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Two key committees in the House of Delegates voted back to back on Friday to approve an amended version of a sweeping climate bill that would accelerate the statewide goal to achieve carbon neutral emissions by 2045.
The Environment and Transportation Committee and the Economic Matters Committee approved eleven amendments to the Climate Solutions Now Act, which is slated to be debated on the House floor on Monday.
The biggest changes include delaying an interim greenhouse gas reduction goal by a year, requiring newly constructed buildings to be prepared to switch to electric power and removing all provisions relating to net-zero school buildings.
“This isn’t just about global climate change in my opinion, this is also about public health and safety,” Del. Kumar Barve (D-Montgomery) told the committee on Friday. He said that his committee has been talking “very extensively for nearly seven months” with Sen. Paul Pinsky (D-Prince George’s), the lead sponsor on Climate Solutions Now Act.
This marked a shift from the 2021 version of the climate legislation that fell apart on the last day of the legislative session due to irreconcilable differences between the two chambers.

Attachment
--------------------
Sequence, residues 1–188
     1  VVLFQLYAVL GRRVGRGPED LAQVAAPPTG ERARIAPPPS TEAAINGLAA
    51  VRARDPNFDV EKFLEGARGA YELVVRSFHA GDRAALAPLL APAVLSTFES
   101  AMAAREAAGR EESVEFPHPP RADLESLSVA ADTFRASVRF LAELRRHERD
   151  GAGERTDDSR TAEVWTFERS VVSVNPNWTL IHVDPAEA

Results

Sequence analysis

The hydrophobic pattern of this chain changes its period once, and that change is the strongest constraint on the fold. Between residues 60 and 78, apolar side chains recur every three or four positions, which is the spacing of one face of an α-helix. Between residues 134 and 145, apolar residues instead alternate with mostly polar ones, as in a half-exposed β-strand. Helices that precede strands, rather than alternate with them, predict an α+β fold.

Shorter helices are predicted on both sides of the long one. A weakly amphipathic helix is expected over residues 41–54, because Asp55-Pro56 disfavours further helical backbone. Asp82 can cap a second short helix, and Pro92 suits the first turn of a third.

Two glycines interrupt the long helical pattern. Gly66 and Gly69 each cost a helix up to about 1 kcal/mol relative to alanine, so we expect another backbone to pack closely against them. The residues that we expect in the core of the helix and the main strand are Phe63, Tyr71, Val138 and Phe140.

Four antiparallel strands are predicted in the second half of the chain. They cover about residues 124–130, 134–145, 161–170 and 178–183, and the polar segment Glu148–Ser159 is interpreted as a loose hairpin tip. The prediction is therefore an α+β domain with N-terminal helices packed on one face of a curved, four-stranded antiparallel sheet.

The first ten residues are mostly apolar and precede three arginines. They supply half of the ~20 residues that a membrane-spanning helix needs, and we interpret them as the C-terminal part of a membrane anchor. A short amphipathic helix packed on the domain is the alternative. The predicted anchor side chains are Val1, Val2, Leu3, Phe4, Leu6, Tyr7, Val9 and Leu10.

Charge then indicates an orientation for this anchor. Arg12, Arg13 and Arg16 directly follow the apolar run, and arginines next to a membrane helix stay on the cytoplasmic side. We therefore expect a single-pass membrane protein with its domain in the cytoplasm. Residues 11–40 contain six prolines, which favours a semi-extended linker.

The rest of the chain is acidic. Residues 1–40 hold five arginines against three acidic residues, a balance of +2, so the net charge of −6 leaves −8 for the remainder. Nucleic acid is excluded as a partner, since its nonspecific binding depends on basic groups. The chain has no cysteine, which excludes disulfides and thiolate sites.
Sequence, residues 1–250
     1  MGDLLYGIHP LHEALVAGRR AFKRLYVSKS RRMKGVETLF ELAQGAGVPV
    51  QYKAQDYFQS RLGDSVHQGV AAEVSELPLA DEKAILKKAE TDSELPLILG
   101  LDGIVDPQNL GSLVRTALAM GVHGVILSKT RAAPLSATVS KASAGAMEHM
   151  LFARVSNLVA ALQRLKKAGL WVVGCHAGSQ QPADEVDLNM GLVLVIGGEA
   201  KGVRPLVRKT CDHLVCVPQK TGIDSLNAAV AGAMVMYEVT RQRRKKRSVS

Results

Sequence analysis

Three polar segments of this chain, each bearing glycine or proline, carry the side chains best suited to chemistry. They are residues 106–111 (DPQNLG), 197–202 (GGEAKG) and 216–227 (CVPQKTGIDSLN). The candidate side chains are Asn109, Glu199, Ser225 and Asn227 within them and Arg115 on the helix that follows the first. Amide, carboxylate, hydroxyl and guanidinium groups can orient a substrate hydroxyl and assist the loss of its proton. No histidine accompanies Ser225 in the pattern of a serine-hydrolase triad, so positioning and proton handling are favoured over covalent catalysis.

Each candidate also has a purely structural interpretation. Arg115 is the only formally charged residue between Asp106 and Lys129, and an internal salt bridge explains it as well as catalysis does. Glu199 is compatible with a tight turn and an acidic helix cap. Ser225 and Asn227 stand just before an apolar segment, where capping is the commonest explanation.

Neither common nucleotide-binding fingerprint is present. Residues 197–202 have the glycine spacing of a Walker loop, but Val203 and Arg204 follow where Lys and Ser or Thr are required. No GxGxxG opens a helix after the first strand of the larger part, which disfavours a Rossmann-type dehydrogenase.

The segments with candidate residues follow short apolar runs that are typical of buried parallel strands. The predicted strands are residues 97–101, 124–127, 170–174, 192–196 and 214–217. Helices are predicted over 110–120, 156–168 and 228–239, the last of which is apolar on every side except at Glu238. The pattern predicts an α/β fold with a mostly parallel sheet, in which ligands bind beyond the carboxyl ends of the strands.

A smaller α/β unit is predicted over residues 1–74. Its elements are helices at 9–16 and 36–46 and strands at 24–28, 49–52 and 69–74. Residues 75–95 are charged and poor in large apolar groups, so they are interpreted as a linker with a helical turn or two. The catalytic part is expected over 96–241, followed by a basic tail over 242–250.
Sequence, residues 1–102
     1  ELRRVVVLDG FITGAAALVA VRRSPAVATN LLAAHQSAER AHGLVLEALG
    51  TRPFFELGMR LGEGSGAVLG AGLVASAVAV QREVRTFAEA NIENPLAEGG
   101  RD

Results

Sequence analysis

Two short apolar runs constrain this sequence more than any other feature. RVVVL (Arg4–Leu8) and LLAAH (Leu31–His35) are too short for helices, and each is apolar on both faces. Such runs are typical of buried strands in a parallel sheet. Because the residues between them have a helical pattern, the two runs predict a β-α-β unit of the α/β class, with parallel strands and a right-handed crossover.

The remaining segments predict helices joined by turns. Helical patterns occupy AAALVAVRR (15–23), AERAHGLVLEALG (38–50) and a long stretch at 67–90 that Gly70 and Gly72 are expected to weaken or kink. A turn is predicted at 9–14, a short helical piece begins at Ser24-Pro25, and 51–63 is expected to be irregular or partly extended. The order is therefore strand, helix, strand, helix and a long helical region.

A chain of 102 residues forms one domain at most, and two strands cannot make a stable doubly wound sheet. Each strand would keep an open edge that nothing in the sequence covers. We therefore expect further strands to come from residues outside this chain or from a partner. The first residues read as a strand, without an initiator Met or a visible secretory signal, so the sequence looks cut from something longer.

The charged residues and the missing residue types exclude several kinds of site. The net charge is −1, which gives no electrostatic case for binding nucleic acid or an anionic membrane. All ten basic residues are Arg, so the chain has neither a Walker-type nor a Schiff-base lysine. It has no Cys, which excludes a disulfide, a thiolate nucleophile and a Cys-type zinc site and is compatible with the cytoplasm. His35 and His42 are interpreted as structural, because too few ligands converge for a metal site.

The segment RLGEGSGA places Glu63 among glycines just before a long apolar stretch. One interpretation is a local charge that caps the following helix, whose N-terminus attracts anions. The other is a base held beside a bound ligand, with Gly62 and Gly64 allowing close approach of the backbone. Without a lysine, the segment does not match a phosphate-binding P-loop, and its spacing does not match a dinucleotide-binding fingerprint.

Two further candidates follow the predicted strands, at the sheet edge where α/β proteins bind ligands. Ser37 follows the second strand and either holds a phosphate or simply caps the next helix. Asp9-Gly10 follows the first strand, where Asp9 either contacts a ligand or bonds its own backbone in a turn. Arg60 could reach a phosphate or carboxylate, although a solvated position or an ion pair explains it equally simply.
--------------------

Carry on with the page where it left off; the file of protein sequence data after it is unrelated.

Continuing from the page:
Both House committees approved an amendment that extended the date by which an interim greenhouse gas reduction goal — to reduce emissions to 60% of 2006 levels — must be met, from 2030 to 2031. The House’s climate package had initially proposed to reduce emissions by 2032, but delegates compromised with Senate leaders to delay the target date by one year instead of two years.
Amid intense opposition from utility companies and commercial property owners earlier this legislative session, the Senate removed a provision that would have banned all newly constructed buildings from using fossil fuels to provide space and water heating by 2024. But the House committees strengthened this part of the bill by approving an amendment to require all newly constructed buildings to be “electric ready” starting in January 2023.
In other words, new buildings must have enough electrical capacity and infrastructure to replace fossil fuel appliances and switch to an all-electric building standard in the future relatively easily.
However, some delegates expressed concern for building owners who have been in the planning stages for a long time and may have to scrap plans to ensure a project is “electric ready.”